Why I say this is that it is a bamboozling experience. It looks terrible and therefore expects you to accept not only substandard imagery but also expects you to riveted by a film which is most lacking in incident. While I can credit the first installment with having a rather consistent strain of tension that never quite amps things up, this film is nowhere near as fortunate, or even as enjoyable, as that mess.
The first thing that will quickly grate on your nerves is that this film takes the Rule of Three to the Nth power. Nearly every day in the story, of which there are many, starts with the same half-dozen establishing shots. Few of which ever lead to an incident almost none of which ever leads to anything of real consequence.
These shots artificially inflate the running time of a film which ought not reach feature film status. Now there may have been other scenes shot that ended up on the cutting room floor that would’ve been more interesting but we’ll never know.
There is a reason that the New Wave hated establishing shots. They are more often than not unnecessary. There is something reassuring, not disconcerting, about the predictability in the pattern of the edit remaining the same when no new information is conveyed through the shots. We know what the location is always, the film doesn’t leave the house, so these shots are unnecessary and don’t advance the story in any way, shape or form.
Furthermore it is a film that handcuffs itself by being beholden to the surveillance camera angle to capture the action with. Yet this film like the previous one feels no need to pay lip-service to how someone found and cut together the footage. There is just a title that is meant to fool the more gullible element of the audience into thinking this really happened.
Lack of incident isn’t a cardinal sin in and of itself, there are plenty of things that can create tension when the big scare isn’t happening but this film either chooses not to utilize (score) or doesn’t utilize them effectively (cast), such that the film just becomes and exercise in banality and the cinematic equivalent of a “surprise symphony” in which the filmmakers will nearly lull the audience to sleep and then a rare, big shock will rouse the audience to life. Sadly, not all the major scares are effective. Only one can be called truly effective and more than one are laughable.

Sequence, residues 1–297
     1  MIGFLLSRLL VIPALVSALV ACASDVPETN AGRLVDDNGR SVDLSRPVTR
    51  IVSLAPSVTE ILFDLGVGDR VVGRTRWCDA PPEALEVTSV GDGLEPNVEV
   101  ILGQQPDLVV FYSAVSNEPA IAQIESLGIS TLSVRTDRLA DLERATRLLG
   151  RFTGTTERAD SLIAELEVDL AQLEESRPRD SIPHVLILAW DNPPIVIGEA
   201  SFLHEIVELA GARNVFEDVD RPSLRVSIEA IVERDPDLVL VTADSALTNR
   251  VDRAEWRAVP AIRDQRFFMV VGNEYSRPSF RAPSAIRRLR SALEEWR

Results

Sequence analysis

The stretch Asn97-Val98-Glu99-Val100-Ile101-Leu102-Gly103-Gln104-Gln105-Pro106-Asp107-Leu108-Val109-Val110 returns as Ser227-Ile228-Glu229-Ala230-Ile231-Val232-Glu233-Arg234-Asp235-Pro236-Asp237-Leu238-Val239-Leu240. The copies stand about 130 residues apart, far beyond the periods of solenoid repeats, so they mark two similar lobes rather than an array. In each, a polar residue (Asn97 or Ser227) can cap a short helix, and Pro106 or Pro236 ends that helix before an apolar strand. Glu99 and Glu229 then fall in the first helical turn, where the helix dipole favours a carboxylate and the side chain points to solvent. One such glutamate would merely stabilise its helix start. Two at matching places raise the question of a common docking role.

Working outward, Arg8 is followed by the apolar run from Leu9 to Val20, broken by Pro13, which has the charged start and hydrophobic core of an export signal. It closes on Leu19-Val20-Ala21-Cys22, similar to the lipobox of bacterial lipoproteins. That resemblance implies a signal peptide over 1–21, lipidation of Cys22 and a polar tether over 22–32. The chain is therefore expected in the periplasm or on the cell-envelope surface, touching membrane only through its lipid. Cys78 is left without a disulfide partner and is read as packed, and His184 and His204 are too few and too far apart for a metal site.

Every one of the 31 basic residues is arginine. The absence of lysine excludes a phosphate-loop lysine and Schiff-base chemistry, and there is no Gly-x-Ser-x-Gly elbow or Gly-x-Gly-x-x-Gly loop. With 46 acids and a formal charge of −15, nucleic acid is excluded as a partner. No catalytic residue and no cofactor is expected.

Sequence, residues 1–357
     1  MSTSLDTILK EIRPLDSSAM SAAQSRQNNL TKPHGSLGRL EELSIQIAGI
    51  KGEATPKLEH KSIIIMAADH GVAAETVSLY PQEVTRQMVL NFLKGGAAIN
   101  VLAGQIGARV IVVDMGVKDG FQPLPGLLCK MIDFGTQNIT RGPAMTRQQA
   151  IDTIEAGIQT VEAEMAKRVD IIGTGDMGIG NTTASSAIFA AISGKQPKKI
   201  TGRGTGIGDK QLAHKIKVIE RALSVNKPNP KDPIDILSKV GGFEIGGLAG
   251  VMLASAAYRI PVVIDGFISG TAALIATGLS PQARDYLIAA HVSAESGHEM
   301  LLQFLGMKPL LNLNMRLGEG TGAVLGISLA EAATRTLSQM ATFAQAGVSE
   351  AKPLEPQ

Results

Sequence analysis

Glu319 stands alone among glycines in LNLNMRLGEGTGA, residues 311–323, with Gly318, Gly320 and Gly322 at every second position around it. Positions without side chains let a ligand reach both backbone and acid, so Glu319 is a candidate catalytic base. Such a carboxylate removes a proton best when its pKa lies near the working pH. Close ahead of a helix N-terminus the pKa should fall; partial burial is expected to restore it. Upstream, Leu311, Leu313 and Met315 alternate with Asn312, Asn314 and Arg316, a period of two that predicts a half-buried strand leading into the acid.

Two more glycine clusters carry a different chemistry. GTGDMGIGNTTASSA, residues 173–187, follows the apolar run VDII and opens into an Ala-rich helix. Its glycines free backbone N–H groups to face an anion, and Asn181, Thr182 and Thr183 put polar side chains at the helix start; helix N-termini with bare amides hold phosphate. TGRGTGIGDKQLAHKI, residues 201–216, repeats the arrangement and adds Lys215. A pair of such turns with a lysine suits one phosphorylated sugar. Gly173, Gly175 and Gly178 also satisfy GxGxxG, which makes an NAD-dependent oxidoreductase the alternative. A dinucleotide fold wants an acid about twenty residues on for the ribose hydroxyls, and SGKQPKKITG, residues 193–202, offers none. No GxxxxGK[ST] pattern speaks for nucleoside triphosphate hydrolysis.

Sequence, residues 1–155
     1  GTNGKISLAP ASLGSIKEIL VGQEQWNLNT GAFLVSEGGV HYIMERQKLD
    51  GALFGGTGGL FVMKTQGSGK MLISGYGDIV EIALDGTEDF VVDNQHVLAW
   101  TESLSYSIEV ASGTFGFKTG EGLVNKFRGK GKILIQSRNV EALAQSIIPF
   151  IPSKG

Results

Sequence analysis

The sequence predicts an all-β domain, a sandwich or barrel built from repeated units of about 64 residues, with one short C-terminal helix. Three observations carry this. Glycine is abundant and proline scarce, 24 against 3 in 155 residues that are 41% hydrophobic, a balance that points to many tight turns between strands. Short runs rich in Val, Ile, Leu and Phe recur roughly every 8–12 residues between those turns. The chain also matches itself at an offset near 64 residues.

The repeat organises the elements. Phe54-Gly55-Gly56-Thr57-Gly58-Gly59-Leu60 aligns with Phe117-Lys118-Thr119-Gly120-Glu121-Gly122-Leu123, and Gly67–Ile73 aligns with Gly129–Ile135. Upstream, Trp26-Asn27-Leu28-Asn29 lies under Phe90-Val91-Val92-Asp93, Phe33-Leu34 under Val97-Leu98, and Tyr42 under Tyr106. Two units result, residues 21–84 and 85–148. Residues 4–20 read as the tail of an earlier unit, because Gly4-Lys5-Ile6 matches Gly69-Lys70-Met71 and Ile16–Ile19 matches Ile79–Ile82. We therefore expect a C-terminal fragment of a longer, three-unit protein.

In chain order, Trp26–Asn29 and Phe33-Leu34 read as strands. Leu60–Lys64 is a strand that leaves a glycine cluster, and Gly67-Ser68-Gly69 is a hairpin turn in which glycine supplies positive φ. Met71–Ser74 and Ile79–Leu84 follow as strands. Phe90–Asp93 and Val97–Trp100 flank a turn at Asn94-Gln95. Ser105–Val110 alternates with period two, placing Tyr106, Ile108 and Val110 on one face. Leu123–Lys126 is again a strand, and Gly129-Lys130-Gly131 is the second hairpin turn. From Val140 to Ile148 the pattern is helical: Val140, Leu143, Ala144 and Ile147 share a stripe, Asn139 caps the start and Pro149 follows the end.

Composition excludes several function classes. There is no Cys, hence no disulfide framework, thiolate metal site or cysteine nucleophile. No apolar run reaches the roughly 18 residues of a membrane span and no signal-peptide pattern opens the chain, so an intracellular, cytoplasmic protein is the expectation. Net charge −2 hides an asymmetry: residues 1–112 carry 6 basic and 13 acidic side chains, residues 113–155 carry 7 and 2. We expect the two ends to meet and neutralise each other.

To carry off a mockumentary style you need pristine acting like you got in The Last Exorcism and even that fell short. Here you get Acting with a capital A, which is the antithesis of being naturalistic which is paramount when the bill of goods you’re trying to sell is one of veracity. For some sense of the quality of thespian you have in this film the best in the cast are twins William Juan and Jackson Xenia Prieto, as Hunter, the baby; Vivis as Martine and the dog.
Pace is the child of Necessity in film. What pace does the story necessitate to be effective? This is an equation in which the film does not have the answer. It plays an overly-methodical hand thinking it is constantly, but slowly, ratcheting things up but it is not.
It is a film quite nearly fails to comprehend the function of a scene. What came to mind was Hitchcock’s example of building suspense. You show a bomb under a table and cut to the conversation above. You periodically cut to the bomb counting down anew and regardless of what the conversation is about suspense is built. This film treats its entire narrative as one scene and doesn’t set up plot points but one or two major incidents such that the journey is nearly pointless and it ends up being a waiting game, which goes back to not knowing the function of a scene. Each scene needs a purpose. Each scene needs to progress the film. Not every moment of this film is essential. Not every scene moves the story, nearly none of them build suspense.
It is a poorly told, wasteful exercise in narrative cinema.
Paranormal Activity 2 is available on DVD and Blu-Ray today.